An ambitious project to plant a million native trees in the Cairngorms and resurrect a 2,000-year-old landscape has continued unabated by the coronavirus lockdown.
Earlier this year the River Dee Trust revealed a £5.5 million project to restore natural foliage to the upper reaches of the River Dee, in order to help protect the environment as well as the famous angling waterway’s salmon.
Over the course of the latest tree-planting season, which runs from around November to May, the trust along with the Dee District Salmon Fishery Board (DDSFB) has managed to plant more than 23,000 native trees.
The trees planted so far include willow, alder, rowan, birch, aspen and Scots pine, which would have been prevalent in the mountainous landscape of the upper River Dee thousands of years ago.
Steff Ferguson, riparian habitat advisor for the DDSFB, said planting has been able to continue mostly as normal despite lockdown restrictions, and contractors have been following strict safety procedures.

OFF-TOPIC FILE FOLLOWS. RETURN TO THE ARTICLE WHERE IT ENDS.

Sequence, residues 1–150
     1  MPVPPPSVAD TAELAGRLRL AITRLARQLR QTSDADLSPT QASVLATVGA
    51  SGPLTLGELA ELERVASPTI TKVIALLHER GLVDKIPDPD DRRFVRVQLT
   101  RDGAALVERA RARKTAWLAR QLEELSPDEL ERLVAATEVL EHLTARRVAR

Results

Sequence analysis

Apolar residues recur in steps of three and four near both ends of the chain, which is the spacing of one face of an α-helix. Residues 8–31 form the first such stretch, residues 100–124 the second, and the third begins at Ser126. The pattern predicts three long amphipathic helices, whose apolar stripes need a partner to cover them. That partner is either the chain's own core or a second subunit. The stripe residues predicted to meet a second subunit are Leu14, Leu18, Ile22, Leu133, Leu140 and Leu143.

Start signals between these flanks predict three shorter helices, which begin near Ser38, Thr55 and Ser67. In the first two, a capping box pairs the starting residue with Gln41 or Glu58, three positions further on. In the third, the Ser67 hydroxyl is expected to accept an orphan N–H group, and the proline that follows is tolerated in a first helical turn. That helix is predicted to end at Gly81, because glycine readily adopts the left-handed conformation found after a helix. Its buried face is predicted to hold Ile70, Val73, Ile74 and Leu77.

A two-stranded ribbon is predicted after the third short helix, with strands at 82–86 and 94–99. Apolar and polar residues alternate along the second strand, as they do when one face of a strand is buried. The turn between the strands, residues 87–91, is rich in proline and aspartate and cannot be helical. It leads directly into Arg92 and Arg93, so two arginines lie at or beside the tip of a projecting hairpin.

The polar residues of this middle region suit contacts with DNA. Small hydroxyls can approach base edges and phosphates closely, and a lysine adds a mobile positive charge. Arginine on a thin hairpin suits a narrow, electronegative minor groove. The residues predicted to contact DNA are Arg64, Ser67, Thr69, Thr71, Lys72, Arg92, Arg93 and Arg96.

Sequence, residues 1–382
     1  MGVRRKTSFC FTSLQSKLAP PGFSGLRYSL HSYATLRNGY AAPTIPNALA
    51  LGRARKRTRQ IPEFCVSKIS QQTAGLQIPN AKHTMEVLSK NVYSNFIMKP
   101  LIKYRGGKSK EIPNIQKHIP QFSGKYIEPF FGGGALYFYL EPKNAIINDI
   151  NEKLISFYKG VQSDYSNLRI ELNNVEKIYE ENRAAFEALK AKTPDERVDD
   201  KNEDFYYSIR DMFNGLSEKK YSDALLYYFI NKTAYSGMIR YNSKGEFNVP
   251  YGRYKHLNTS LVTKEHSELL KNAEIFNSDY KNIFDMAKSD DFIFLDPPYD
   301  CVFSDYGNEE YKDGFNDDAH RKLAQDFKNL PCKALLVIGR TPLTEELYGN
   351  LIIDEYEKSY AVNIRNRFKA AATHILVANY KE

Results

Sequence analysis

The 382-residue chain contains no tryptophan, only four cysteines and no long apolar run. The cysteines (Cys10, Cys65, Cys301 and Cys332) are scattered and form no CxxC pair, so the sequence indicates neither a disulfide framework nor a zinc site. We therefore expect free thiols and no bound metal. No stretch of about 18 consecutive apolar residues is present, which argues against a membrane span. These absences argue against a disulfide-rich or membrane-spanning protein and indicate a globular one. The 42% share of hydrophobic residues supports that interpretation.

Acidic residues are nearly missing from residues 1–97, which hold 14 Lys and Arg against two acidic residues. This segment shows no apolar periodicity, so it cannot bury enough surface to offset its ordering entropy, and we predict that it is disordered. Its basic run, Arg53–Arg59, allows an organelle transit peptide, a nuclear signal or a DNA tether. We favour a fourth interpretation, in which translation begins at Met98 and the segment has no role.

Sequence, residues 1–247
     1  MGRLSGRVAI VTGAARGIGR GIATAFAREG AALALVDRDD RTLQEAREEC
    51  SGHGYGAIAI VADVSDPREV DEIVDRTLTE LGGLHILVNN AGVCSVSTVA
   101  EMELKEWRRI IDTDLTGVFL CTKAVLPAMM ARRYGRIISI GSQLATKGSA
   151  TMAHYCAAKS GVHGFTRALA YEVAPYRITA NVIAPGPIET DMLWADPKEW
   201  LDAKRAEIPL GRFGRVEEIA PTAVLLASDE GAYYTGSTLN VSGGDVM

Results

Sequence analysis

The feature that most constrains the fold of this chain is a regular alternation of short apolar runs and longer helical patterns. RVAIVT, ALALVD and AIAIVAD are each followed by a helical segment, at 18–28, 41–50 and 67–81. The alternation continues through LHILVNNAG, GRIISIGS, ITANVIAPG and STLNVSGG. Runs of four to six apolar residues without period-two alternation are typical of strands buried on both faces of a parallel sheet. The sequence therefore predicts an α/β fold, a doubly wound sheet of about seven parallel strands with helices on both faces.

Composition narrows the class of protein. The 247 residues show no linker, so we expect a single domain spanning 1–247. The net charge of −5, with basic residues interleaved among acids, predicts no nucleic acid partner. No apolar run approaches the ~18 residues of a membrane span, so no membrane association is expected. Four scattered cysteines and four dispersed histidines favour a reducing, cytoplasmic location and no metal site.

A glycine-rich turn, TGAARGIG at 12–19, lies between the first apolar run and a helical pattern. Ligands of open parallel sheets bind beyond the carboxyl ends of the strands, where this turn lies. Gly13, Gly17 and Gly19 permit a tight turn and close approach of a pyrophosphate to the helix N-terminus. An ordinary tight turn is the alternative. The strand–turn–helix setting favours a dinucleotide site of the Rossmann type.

She said: “We’ve been quite lucky because all our sites are quite remote.
“Tree-planting is quite a lonely thing to do, a lot of tree-planters either work by themselves or in small family teams, so we’ve actually managed to get all the trees we wanted to plant in the ground.
“The trees had been sitting in a shed waiting to be planted.
“They would eventually die if we did not plant them, so we were a little concerned a first, but we’re really pleased that it’s been possible to carry on safely.”
The project has also been supported by Scottish National Heritage’s Biodiversity Challenge fund, as well as the Woodland Trust.